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How Fraud Results in Customer Churn

Today’s financial landscape has been fraught with numerous issues such as data breaches, cyberattacks, identity theft, and credit card fraud. Experts believe that these issues contribute to fraudulent transactions and, if not mitigated, will lead to customer churn and further business loss.

According to a Carnegie Mellon University study, customers who lose more than $500 in fraud are highly possible to leave their bank. This is even after they received refunds of their losses. Why? The study said that even though customers have been refunded, there may be a lingering doubt that fraud could happen again. And it is only logical to say that if the loss is larger, then the churn rate is going to be much higher

Steep Rise of Fraud Cases

The restrictions caused by the COVID-19 pandemic have further accelerated people’s use of digital banking and online payment. While the use of digital channels is very convenient, it is also ripe ground for fraudsters and cybercriminals. According to eMarketer, more than 42% of people worldwide will be utilizing mobile payments by 2023. Consequently, another report reveals that by 2023 online fraud will reach $48 billion in losses.

Based on the Consumer Sentinel Network Data Book of 2020, the Federal Trade Commission (FTC) received 2.2 million fraud reports in 2020 and 34% of those reported indicated money was lost, which amounted to $3.3 billion. The report further pointed out that bank transfers and payments accounted for the highest aggregate losses, while credit cards are the most frequently used payment methods in fraud reports.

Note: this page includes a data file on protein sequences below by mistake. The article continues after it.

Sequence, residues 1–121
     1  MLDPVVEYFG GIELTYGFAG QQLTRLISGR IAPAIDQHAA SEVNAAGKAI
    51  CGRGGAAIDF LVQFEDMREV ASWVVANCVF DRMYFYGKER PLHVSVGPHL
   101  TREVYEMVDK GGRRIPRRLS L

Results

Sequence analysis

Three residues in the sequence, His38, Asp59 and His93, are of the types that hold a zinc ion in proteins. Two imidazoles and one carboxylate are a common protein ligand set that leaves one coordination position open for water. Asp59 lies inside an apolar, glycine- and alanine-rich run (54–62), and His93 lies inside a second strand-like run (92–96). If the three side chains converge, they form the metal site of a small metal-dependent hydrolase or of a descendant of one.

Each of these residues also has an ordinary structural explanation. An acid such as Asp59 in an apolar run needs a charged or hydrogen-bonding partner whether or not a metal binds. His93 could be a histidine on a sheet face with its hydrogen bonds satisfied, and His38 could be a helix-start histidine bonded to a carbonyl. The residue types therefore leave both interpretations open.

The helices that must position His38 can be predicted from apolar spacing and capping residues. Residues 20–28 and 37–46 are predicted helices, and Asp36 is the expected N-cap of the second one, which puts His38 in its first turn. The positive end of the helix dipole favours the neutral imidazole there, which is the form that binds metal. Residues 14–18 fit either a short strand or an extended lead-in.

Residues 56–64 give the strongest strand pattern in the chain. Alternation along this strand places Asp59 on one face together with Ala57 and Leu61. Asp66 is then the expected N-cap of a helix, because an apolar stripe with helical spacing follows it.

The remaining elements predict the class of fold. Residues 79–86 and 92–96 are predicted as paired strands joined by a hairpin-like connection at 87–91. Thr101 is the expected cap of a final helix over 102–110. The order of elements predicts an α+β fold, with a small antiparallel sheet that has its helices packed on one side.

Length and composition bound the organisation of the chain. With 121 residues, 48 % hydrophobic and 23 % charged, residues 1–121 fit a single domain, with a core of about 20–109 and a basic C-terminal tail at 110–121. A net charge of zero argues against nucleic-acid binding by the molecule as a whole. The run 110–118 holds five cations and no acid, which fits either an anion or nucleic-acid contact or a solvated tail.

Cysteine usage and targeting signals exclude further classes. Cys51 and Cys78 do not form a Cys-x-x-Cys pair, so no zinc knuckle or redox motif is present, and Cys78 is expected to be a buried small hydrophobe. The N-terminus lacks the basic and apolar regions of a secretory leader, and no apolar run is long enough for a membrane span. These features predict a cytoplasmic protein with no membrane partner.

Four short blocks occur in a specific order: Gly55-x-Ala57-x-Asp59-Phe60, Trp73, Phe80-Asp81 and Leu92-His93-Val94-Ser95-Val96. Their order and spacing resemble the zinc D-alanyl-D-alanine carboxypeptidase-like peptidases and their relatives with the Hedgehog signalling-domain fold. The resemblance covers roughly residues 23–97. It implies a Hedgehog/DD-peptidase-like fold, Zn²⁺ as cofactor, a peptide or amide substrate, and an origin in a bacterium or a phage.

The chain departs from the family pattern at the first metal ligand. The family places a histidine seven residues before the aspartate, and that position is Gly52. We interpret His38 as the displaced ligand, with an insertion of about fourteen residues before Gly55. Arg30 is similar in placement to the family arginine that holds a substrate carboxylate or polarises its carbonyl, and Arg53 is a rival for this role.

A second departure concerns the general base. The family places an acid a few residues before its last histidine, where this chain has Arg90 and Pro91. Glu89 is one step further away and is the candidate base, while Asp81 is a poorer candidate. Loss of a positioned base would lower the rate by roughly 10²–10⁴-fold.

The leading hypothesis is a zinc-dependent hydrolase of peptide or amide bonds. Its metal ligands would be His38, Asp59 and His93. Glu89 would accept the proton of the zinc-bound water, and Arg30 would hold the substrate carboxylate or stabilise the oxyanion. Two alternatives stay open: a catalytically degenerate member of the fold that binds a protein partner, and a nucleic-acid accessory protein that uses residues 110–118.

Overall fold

The research also revealed that identity theft and credit card fraud cases also grew in 2020. The FTC received approximately 1.4 million reports of identity theft with a 113% increase from 2019 to 2020. Additionally, credit card fraud reports increased by 44.7% in 2020 with over 390,000 reports.

While the effect of fraud incidents impacts both customers and financial institutions, the fallout leans heavier on financial institutions. Customers will always be compensated for their loss but financial institutions, besides money loss, will also suffer a decline in stock prices as well as an increase in churn rates. Earlier research points out that there is a high probability, as much as three percentage points, that a customer will switch to a different institution and transfer their accounts and money within six months of a security breach.

Fraudsters and their schemes will persist to grow in scale; therefore, financial institutions should strengthen their security measures to mitigate risks and reduce churn rates.


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